Thornton Chase, the First Western Baha'i, in his Study
Copyright © 2010 Baha'i National Archives, Wilmete, Used With Permission

Sunday, May 16, 2010

Turn Towards Our Higher Self

In our quest for God, are we to turn toward ourselves, or away from ourselves?  

On the one hand, Baha'u'llah urges us to turn away from ourselves:

O Son of Man! If thou lovest Me, turn away from thyself . . . 
(Arabic Hidden Words 7)

Center your thoughts in the Well-Beloved, rather than in your own selves.
(Gleanings, p. 168)

On the other hand, He urges us to turn toward ourselves:

O son of Spirit! . . . Turn thy sight unto thyself, that thou mayest find Me standing within thee, mighty, powerful and self-subsisting.    (Arabic Hidden Words 13

He even states that "he hath known God who hath known himself" Gleanings XC) and that the purpose of the duty to praise God is so that the believers might "ascend unto the station conferred upon their own inmost being, the station of the knowledge of their own selves." (Gleanings I).

Shoghi Effendi even urges the believers, "let them focus their attention, for the present, on their own selves, their own individual needs, their own personal deficiencies and weaknesses." The Advent of Divine Justice, p. 20) This hearkens back to these words of Abdu'l-Baha explaining the significance of the Seven Valleys, the seeker's guide to the attainment of the knowledge of God:

It is my hope that you may consider this matter, that you may search out your own imperfections and not think of the imperfections of anybody else. Strive with all your power to be free from imperfections. Heedless souls are always seeking faults in others. What can the hypocrite know of others' faults when he is blind to his own? This is the meaning of the words in the Seven Valleys. It is a guide for human conduct. As long as a man does not find his own faults, he can never become perfect. Nothing is more fruitful for man than the knowledge of his own shortcomings.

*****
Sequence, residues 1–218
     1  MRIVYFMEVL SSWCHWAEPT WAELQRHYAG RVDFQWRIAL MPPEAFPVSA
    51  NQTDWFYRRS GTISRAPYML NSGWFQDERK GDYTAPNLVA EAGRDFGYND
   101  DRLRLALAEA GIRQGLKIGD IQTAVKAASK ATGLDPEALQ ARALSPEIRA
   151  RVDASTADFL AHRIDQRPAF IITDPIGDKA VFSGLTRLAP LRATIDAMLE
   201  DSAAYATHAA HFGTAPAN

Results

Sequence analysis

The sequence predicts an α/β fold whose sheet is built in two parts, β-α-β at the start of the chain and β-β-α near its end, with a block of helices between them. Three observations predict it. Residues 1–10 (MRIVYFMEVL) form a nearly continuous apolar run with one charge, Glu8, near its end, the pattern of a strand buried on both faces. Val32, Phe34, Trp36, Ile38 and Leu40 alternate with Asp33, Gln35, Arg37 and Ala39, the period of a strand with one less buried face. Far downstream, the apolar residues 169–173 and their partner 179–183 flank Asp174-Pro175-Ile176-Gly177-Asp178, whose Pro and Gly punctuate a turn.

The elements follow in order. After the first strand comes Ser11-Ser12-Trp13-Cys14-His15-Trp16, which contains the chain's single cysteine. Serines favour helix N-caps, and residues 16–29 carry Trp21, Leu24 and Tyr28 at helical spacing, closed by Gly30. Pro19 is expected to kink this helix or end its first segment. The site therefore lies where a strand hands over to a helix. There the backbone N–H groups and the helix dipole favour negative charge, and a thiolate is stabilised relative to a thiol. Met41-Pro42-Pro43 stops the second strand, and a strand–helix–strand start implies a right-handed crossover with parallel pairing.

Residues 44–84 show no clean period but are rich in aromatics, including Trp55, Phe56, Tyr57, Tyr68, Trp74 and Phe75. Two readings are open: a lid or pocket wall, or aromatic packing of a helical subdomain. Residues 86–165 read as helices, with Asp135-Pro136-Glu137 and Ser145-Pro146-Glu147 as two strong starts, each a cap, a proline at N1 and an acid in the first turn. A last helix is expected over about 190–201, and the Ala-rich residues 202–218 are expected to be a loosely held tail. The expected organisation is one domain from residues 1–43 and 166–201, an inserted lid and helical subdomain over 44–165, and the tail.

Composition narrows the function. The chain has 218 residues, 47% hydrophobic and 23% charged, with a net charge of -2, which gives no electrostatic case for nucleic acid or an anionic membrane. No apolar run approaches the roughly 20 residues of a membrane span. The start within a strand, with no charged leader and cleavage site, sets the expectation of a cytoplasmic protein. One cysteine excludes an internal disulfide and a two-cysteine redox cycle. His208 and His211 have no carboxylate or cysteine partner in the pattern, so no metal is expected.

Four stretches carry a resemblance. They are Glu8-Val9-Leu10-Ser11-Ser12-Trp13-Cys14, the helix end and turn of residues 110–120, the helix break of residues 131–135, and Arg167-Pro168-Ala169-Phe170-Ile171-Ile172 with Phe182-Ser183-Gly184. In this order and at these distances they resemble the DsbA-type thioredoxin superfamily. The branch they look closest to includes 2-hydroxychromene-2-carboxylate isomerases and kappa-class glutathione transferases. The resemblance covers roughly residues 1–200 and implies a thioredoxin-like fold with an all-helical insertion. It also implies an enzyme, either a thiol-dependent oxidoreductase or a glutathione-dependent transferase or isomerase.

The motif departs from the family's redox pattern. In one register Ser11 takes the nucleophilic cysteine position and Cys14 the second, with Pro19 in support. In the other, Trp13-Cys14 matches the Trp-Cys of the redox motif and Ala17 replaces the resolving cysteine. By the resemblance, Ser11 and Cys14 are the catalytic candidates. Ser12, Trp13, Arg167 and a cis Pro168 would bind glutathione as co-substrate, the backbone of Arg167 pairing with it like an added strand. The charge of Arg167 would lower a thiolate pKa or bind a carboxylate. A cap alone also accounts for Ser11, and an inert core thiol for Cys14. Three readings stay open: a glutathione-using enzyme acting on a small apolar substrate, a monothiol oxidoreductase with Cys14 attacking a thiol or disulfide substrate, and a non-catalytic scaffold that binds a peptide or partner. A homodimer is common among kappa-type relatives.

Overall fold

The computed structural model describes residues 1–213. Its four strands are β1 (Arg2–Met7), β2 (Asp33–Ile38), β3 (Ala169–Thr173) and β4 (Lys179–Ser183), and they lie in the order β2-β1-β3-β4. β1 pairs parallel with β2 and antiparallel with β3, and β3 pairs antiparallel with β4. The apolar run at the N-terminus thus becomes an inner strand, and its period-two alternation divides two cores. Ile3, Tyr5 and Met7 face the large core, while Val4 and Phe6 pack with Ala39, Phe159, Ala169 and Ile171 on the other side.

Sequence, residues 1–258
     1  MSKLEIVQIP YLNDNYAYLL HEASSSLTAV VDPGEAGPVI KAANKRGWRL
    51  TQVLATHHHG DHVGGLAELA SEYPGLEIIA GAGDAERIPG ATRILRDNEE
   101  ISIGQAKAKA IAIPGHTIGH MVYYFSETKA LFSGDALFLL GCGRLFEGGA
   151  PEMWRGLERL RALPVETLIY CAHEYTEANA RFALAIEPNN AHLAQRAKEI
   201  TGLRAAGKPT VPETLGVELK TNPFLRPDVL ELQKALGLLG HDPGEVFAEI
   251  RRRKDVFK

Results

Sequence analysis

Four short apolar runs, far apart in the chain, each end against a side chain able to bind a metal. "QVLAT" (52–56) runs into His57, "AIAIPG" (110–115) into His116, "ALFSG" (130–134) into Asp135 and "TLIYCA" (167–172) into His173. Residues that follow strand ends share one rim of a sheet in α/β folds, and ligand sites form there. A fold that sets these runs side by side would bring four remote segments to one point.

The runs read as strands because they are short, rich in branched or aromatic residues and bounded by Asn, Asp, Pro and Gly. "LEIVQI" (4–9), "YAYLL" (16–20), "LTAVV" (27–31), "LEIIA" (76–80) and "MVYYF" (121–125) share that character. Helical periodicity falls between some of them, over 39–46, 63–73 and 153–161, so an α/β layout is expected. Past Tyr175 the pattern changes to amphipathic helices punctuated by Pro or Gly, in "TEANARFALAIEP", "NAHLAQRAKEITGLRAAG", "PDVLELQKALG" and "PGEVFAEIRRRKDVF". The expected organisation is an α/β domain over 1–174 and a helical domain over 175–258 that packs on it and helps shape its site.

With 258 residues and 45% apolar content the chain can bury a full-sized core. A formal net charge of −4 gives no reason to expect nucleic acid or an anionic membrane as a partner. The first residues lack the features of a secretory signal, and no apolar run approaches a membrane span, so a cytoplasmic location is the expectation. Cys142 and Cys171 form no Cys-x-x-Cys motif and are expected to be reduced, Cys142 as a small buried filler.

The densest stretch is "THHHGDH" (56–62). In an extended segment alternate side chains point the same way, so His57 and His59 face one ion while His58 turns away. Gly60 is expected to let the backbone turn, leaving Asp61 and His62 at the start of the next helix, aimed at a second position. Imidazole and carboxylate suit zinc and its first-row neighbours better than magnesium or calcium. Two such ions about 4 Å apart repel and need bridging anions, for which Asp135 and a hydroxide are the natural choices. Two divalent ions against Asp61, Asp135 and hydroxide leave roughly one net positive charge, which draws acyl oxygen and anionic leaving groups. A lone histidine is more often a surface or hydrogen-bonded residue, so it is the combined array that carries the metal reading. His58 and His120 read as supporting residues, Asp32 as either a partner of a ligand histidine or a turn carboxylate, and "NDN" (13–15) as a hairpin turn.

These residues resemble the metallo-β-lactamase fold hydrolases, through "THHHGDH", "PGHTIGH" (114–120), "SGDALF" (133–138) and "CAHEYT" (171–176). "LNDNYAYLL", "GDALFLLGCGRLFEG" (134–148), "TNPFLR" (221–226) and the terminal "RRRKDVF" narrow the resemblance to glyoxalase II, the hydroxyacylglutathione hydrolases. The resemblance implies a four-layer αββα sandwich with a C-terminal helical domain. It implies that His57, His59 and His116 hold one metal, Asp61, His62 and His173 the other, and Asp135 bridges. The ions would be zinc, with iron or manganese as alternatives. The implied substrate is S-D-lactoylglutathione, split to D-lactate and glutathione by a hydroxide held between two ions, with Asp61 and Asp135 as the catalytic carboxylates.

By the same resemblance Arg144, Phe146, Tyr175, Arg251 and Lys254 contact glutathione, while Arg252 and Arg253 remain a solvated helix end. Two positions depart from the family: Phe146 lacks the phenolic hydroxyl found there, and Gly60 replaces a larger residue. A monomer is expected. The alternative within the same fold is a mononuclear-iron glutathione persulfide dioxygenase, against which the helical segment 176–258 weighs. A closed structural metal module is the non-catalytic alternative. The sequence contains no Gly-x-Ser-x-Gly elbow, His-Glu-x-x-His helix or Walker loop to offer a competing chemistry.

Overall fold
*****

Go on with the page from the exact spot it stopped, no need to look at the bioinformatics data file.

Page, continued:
(Abdu'l-Baha, The Promulgation of Universal Peace, p. 244)

How can we reconcile these apparent contradictions?  How can we both turn to ourselves and turn away from ourselves?

We can be sure there is no conflict in the Sacred Texts.  As the Universal House of Justice has written, 

"In attempting to understand the Writings, therefore, one must first realize that there is and can be no real contradiction in them, and in the light of this we can confidently seek the unity of meaning which they contain."
(Messages from the Universal House of Justice 1963-1986, p. 156, paragraph 75.4)

The Guardian reconciled this for us.  His secretary wrote on his behalf:

"Regarding the questions you asked: Self has really two meanings, or is used in two senses, in the Bahá'í writings; one is self, the identity of the individual created by God. This is the self mentioned in such passages as 'he hath known God who hath known himself etc.'. The other self is the ego, the dark, animalistic heritage each one of us has, the lower nature that can develop into a monster of selfishness, brutality, lust and so on. It is this self we must struggle against, or this side of our natures, in order to strengthen and free the spirit within us and help it to attain perfection.
       "Self-sacrifice means to subordinate this lower nature and its desires to the more godly and noble side of ourselves. Ultimately, in its highest sense, self-sacrifice means to give our will and our all to God to do with as He pleases.  Then He purifies and glorifies our true self until it becomes a shining and wonderful reality."
(From a letter written on behalf of Shoghi Effendi to an individual believer, December 10, 1947; Lights of Guidance, p. 113, #386)  

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